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hey my lecturer put this example up for an exam tomorrow, could someone please explain how he gets to the 3rd line? is he using factorization?

$$V_{\mathrm{dsb}}=V_{\mathrm{gsb}}-V_{\mathrm t}$$

$$V_{\mathrm{dsb}}=V_{\mathrm{dd}}-(R_{\mathrm d}/2)K_n(V_{\mathrm{gsb}}-V_{\mathrm t})^2$$

$$V_{\mathrm{gsb}}=V_{\mathrm t}+(\sqrt{2K_{\mathrm n}R_{\mathrm d}V_{\mathrm{dd}}+1}-1)/K_{\mathrm n}R_{\mathrm d}$$

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I'm sorry, but your equation is unreadable right now. I'm guessing some of the letters are supposed to be subindices. Are the variables supposed to be $V_{dsb}$, $V_{dd}$, $R_d$, $K_n$, $V_{gsb}$, and $V_t$? – Arturo Magidin Sep 22 '11 at 13:16
I formatted the equations. It was rather non-trivial to guess what you meant; please check that everything is as it should be. You can right-click on the equations and select "Show Source" to see how to do the formatting so you can do it yourself next time. – joriki Sep 22 '11 at 13:28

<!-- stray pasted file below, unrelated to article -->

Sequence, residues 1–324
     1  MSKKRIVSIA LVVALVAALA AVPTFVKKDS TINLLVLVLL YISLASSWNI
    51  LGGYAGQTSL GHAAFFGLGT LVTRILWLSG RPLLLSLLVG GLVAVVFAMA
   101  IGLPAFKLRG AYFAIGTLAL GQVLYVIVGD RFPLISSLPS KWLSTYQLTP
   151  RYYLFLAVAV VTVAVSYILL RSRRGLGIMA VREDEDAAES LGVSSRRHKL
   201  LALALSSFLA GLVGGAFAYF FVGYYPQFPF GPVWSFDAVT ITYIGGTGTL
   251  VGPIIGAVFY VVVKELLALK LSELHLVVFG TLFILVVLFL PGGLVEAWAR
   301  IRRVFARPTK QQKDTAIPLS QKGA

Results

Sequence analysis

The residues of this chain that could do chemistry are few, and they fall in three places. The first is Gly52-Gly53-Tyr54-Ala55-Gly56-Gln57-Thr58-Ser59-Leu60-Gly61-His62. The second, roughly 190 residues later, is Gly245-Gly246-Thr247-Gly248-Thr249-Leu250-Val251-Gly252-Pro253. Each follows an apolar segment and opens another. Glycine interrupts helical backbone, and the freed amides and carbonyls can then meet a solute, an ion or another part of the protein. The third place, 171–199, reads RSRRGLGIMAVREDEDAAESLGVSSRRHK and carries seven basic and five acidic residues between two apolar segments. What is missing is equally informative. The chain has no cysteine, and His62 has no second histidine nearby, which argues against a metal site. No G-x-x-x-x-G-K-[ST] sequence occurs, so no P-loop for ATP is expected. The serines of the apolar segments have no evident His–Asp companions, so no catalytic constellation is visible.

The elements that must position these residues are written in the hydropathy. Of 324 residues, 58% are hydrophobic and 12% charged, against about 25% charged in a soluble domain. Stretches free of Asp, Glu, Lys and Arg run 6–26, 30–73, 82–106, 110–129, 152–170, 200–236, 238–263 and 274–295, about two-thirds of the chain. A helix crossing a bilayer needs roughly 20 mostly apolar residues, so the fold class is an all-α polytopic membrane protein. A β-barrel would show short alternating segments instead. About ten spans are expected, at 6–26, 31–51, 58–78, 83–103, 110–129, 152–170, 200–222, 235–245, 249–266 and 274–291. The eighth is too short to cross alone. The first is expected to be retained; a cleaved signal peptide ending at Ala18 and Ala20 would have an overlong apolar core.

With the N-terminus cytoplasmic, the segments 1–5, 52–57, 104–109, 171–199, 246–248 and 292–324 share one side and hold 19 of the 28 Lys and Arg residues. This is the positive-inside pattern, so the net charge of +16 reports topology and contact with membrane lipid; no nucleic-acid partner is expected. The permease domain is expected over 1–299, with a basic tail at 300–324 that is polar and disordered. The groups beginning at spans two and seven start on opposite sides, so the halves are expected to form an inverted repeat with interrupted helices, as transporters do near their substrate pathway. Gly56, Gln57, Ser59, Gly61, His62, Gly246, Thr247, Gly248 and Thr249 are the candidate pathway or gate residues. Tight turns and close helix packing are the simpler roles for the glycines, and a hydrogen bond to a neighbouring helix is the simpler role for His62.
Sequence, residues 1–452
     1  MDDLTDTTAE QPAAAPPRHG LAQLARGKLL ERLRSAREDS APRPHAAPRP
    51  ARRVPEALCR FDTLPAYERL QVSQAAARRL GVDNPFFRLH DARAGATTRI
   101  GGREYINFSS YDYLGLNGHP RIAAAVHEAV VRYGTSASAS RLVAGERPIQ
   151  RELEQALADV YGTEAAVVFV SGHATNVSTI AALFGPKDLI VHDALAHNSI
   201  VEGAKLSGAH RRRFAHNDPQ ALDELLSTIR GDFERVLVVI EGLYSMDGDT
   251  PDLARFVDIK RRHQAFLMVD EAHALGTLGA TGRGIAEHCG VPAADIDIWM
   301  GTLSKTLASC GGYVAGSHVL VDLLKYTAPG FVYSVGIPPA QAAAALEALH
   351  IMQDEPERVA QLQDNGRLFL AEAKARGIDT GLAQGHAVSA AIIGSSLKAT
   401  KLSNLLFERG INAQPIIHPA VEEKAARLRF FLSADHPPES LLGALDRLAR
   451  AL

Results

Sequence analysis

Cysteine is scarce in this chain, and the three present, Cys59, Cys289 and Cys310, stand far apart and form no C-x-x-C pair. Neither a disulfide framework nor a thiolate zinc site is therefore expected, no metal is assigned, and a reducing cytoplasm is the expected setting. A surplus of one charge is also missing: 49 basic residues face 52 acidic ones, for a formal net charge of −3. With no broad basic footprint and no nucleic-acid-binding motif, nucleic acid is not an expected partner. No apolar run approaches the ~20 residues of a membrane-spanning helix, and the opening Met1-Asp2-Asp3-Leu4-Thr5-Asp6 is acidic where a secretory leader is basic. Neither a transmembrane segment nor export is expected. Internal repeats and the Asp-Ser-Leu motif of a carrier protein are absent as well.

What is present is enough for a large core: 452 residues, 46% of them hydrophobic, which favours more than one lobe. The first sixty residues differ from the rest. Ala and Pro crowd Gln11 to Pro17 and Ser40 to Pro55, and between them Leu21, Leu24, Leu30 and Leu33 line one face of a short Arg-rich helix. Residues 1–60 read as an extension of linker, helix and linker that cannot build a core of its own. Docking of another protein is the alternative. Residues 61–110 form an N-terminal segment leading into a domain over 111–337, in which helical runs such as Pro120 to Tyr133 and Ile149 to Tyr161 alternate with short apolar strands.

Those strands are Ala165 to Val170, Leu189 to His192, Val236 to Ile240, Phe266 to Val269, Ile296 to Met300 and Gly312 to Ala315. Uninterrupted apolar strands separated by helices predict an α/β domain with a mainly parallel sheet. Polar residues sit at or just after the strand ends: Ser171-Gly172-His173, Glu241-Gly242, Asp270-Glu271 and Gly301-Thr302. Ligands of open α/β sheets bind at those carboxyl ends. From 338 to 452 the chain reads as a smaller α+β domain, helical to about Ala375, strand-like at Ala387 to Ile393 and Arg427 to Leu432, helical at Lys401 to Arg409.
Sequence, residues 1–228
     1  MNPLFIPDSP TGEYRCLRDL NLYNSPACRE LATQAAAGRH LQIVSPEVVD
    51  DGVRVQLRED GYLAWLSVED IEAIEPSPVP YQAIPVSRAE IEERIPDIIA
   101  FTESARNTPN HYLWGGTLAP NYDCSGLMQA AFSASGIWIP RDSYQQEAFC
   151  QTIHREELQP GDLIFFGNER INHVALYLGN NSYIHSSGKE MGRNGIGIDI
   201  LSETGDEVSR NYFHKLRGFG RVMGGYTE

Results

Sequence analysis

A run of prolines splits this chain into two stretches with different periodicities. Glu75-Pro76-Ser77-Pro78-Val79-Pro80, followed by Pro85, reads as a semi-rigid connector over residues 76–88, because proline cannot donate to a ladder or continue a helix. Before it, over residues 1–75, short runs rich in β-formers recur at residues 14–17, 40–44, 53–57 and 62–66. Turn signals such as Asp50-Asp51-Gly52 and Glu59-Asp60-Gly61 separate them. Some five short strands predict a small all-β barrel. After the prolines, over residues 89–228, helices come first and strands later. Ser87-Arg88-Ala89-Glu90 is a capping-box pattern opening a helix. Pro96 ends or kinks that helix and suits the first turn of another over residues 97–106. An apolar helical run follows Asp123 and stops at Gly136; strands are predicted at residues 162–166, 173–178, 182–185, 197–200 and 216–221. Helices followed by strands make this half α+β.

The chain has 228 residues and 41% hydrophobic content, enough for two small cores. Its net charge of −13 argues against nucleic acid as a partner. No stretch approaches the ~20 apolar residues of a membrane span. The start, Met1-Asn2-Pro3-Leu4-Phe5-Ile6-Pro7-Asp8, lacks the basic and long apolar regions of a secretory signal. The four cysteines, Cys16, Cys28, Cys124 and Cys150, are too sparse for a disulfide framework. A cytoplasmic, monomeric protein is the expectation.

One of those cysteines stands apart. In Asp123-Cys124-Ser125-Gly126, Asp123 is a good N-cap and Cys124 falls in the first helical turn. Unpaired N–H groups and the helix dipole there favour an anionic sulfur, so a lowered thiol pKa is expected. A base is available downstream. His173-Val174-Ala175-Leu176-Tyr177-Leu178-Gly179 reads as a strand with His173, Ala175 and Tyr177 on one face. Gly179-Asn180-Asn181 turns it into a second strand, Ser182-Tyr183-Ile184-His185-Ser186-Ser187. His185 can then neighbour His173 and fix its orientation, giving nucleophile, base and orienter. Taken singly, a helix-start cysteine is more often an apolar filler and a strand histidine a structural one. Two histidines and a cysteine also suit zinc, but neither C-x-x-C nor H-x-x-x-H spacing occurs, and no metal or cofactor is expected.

The first equation states that the expression being squared in the second equation is $V_{\mathrm{dsb}}$. Thus the second equation becomes

$$V_{\mathrm{dsb}}=V_{\mathrm{dd}}-(R_{\mathrm d}/2)K_nV\;_{\mathrm{dsb}}^2\;.$$

This is a quadratic equation for $V\;_{\mathrm{dsb}}$. Substituting one of its two solutions into the first equation yields the third equation.

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sorry about the formatting, thanks for the help it just wasn't clicking, and thanks for the formatting help – michael Sep 22 '11 at 14:05

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